Coming up with authentic ‘new’ fourth Doctor-style adventures is another issue. There is a lot of fairly useful material on story design shotgunned through the book, but it’s not organised in any systematic way. Most stories have a section on possible further adventures based on the TV story in question, but – somewhat predictably – many of them don’t immediately sound especially Doctor Who-ish, let alone fourth Doctor-esque – ‘what if Minyans using their regeneration technology set up an immortality shop on Earth?’ comes from the section on Underworld, for instance. (Perhaps I should say that they do sound quite Doctor Who-ish, assuming you include dubious fanfic in your definition of Doctor Who.)

Sort of tying in to this is more stuff which may be of interest to the wider fan community, specifically some enthusiastic – maybe even boisterous – continuity copping. Some of the issues the book addresses seem quite reasonable – just what exactly were the Time Lords doing during the universal near-apocalypse in Logopolis? – whereas some of the others veer off towards the realm of the bonkers. The possibility is offered that the Morbius rebellion may be why every other space-faring civilisation has heard of Gallifrey and the Time Lords, which is not actively nuts (though it sounds like the writer has got non-interventionism mixed up with seclusion), but then the book goes on to posit that the Zygons and the Chameleons are members of the same race, and that the similarity between the Anti-Man (from Planet of Evil) and the Primord mutants (from Inferno) might mean that the Earth’s crust, perhaps even its core, is made of anti-matter (which is why the Daleks tried to steal it). Please, please, enough.

Elsewhere I have suggested the limit of the book’s analysis of the fourth Doctor style boils down to ‘be knowingly derivative’ but this is, on reflection, a bit unfair. The tendency for stories to avoid recurring enemies is identified, which is fair enough, along with the observation that the fourth Doctor’s companions were unusually competent, capable individuals (which had never occurred to me before). The real issue that the sourcebook fails to address is that there isn’t a single fourth Doctor style, there are three quite different ones, more-or-less dependent on who the producer was at the time: gothic horror pastiche for seasons 12 to 14, literary space-opera for seasons 15 to 17, and entropic hard SF for season 18. These differences are barely addressed at all.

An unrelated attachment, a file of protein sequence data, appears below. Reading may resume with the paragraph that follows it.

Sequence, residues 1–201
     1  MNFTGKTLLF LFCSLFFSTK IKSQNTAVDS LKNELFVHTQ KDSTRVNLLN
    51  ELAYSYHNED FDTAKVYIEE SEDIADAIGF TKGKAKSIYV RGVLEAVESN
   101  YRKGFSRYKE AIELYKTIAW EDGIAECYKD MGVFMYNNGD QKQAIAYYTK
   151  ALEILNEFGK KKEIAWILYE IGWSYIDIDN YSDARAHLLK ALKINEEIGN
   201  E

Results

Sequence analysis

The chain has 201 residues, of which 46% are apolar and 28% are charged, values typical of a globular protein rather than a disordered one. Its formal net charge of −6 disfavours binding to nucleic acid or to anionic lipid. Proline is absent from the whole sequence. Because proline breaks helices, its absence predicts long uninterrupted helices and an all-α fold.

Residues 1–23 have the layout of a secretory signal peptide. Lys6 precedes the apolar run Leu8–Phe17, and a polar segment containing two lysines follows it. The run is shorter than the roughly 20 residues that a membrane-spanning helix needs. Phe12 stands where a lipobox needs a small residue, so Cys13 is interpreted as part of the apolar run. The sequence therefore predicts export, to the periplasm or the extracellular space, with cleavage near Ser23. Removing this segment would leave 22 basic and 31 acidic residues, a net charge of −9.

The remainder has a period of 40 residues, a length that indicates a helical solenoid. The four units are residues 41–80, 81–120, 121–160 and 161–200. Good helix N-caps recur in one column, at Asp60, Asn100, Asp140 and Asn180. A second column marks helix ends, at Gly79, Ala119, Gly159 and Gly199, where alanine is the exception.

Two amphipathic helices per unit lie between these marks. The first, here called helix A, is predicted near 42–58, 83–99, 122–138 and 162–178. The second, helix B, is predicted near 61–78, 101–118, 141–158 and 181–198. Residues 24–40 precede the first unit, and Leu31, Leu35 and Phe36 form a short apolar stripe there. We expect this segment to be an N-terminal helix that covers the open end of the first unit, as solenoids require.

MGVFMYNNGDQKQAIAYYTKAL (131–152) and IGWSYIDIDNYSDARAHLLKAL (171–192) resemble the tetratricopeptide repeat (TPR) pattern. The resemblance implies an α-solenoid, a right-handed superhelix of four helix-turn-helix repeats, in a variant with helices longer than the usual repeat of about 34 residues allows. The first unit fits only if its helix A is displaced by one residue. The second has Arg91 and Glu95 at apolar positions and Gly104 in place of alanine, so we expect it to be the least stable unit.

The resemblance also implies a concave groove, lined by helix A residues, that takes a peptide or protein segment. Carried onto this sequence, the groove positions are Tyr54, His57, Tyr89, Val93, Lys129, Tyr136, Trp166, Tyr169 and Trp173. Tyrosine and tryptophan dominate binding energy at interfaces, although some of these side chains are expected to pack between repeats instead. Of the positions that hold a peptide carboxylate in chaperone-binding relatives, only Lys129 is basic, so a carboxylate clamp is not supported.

Is this book worth purchasing if you’re not an AITAS storyteller? I don’t know: Lord knows there are enough series guides for Doctor Who available elsewhere, many of them more detailed and consistent, not to mention less bonkers. I’m still very dubious about the conceit of recreating TV stories around the tabletop, but there is enough food for the imagination here to make it of some value, and the numerous stat blocks will probably also appeal to a certain class of gamer (if you ever wondered who would win a fistfight between Captain Rigg from Nightmare of Eden and Solon from Brain of Morbius, or a Toho-style monster battle between the K1 robot and a full-grown Krynoid, this book will give you the tools you need to find out.)

This is quite a flawed product in many ways, and yet I did enjoy reading it a lot, and will probably be checking out some of the other books from Cubicle 7 over the coming months. It bubbles over with an enthusiasm for its subject matter – both Doctor Who and gaming – which is utterly charming, and when a book opens its section on Pyramids of Mars with a heartfelt cry of ‘Oh, what joy!’ you would have to be a considerably harder man than me to be very beastly to it. Probably only really of value to role-playing Doctor Who fans, nevertheless – but then I’ve never really understood why there isn’t more crossover between storygaming and fandom. Maybe this game will help.